For an NBA player who travels quite a bit, oral appliances make an effective, easy option, as they are smaller and easier to travel with.

Dr. Mark Laska, who has been the team dentist for the Los Angeles Clippers since 1987, treats his patients at his Mid Wilshire Dental Care practice in Los Angeles, California.  Dr. Laska is also a leading sleep expert with Sleep Better TV.



Treating Sleep Apnea, with Dr. Mark Laska, of Mid Wilshire Dental Care in Los Angeles, California

The definition of sleep apnea is "without breath while sleeping," according to Los Angeles dentist Dr. Mark Laska, who says that during sleep, muscles relax, including the ones that control the tongue and throat.  Sleep apnea, he adds, is usually caused by an obstruction in the throat that causes a person to stop breathing for 10 seconds or more.

The degree of sleep apnea is based on how many times you stop breathing within a one hour period of time, Dr. Laska says.  Mild sleep apnea is 1-15 times per hour, moderate sleep apnea is 15-30 times per hour and severe sleep apnea is over 30 times per hour.

Dr. Laska refers to recent studies suggesting that sleep apnea causes an increased risk of stroke, heart attacks, high blood pressure, diabetes, dementia and even cancer and because sleep apnea patients are more tired during the day, they are more prone to accidents, especially automobile accidents.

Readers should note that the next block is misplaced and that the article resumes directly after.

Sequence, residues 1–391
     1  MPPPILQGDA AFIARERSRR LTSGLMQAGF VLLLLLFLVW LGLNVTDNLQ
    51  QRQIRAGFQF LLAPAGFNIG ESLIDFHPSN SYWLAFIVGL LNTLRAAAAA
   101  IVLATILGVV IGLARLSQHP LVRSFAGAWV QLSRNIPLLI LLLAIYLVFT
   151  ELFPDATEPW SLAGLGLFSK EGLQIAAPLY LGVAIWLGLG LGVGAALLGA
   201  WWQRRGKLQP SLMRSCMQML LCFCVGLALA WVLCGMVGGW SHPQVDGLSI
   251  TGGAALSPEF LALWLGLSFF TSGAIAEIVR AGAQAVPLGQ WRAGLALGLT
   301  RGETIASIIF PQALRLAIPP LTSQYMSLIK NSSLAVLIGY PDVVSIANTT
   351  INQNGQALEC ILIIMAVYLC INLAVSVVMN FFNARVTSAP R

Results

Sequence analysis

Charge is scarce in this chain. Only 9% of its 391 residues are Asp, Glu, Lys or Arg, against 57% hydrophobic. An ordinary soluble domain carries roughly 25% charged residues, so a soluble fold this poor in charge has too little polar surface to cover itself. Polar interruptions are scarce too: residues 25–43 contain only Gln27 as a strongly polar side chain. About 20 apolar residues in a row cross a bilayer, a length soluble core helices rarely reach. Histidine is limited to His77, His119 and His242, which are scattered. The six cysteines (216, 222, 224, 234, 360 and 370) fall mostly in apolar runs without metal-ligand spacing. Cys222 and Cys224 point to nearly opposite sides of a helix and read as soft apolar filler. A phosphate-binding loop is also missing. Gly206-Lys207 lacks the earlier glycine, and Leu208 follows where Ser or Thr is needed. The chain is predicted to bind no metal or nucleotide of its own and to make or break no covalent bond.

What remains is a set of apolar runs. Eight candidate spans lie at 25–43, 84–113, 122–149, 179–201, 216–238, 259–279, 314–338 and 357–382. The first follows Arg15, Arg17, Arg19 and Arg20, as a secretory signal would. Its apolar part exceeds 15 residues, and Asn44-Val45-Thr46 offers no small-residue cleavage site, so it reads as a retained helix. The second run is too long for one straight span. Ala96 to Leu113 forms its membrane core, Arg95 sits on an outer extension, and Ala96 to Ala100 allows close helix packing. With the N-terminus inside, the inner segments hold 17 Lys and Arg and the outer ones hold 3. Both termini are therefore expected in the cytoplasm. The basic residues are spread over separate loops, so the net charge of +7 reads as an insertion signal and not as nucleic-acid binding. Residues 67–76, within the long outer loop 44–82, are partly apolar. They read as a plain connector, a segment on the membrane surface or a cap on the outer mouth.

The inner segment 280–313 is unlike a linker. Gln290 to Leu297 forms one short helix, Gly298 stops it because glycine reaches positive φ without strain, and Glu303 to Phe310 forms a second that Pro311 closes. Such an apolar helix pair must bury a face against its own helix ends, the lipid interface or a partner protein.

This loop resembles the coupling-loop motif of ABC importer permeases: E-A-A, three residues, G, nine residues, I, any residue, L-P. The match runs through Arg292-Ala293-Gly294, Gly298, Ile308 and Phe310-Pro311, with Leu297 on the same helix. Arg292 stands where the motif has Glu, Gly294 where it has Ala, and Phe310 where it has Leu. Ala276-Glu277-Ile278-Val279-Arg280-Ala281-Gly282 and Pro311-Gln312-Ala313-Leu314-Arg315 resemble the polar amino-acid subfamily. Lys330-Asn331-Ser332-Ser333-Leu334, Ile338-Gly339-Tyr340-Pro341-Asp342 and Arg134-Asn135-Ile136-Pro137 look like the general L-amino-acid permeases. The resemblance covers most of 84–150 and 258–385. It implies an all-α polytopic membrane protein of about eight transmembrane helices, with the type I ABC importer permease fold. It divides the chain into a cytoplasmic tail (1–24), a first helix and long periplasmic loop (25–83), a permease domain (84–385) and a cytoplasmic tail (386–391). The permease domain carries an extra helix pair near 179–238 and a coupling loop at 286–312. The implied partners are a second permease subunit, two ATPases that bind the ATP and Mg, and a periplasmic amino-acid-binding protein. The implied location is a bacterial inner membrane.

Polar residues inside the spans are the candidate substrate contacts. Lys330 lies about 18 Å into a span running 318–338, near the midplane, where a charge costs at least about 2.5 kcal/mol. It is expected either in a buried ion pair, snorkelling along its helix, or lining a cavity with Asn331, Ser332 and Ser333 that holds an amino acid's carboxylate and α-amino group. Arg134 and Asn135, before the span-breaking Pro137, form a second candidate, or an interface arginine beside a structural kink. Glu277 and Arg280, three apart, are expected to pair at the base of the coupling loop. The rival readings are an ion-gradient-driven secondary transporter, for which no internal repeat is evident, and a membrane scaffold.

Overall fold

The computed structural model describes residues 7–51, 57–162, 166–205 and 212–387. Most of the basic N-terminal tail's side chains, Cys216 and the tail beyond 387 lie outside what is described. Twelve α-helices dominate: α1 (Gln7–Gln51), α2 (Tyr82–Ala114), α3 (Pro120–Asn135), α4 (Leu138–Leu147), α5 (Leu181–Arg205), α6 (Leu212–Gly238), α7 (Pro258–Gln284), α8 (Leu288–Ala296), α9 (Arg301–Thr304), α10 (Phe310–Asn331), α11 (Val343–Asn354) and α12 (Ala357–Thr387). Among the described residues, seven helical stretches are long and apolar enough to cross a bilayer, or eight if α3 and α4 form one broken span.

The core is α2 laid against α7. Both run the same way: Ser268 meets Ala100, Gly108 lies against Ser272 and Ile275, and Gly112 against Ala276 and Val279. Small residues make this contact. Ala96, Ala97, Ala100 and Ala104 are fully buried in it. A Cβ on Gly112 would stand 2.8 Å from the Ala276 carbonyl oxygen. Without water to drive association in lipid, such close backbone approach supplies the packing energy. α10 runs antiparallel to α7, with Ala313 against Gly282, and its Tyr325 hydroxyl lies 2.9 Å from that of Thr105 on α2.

Dentists are often the first in line to screen patients.  Acid reflux, scalloped tongue, large tongue and small jaw and bruxism are all signs a patient may have sleep apnea, says Dr. Laska.  In Dr. Laska's dental practice, Mid Wilshire Dental Care, in Los Angeles, California, patients fill out a form answeringSource: questions that relate to sleep and sleep disorders, that indicate a patient's risk for sleep apnea.  For patients that show signs of risk, Dr. Laska offers a complimentary home sleep study.  From that study, Dr. Laska can get an interpretation of the person's sleep habits, including how many times they stop breathing, the oxygen levels during sleep and how loud they snore.  From those readings, he can give his patients recommendations and proper referrals for treatment.

Dr. Laska says that there are three types of treatment for sleep apnea.  For the more severe cases and as a last resort, surgery is an option.  A CPAP (continuous positive airway pressure) device, which is a medical device that forces air down the nasal airway, is very effective but about 75% of patients don't use it, as it's cumbersome, noisy, uncomfortable, rashes on the face can develop and it is difficult to travel with.  Dr. Laska uses a third option, an FDA-approved dental appliance, which is now the preferred method for treating mild to moderate sleep apnea.  The dental appliance can also be used when a CPAP is not tolerated, even in severe cases.  The main principal behind the appliance, says Dr. Laska, is to allow respiration to occur naturally by advancing the lower jaw forward.  Dr. Laska has found these appliances to be very effective and his patients appreciate its ease of use.

In prescribing a custome-fit dental appliance for his patients, Dr. Laska will take impressions of the patient's mouth and take a bite relationship using specialized equipment in his office.  Based on those things, he is able to establish how far he needs to move the jaw forward in order to open up the airway.  

Dr. Mark Laska, who has been the team dentist for the Los Angeles Clippers since 1987, treats his patients at his Mid Wilshire Dental Care practice in Los Angeles, California.  Dr. Laska is also a leading sleep expert with Sleep Better TV.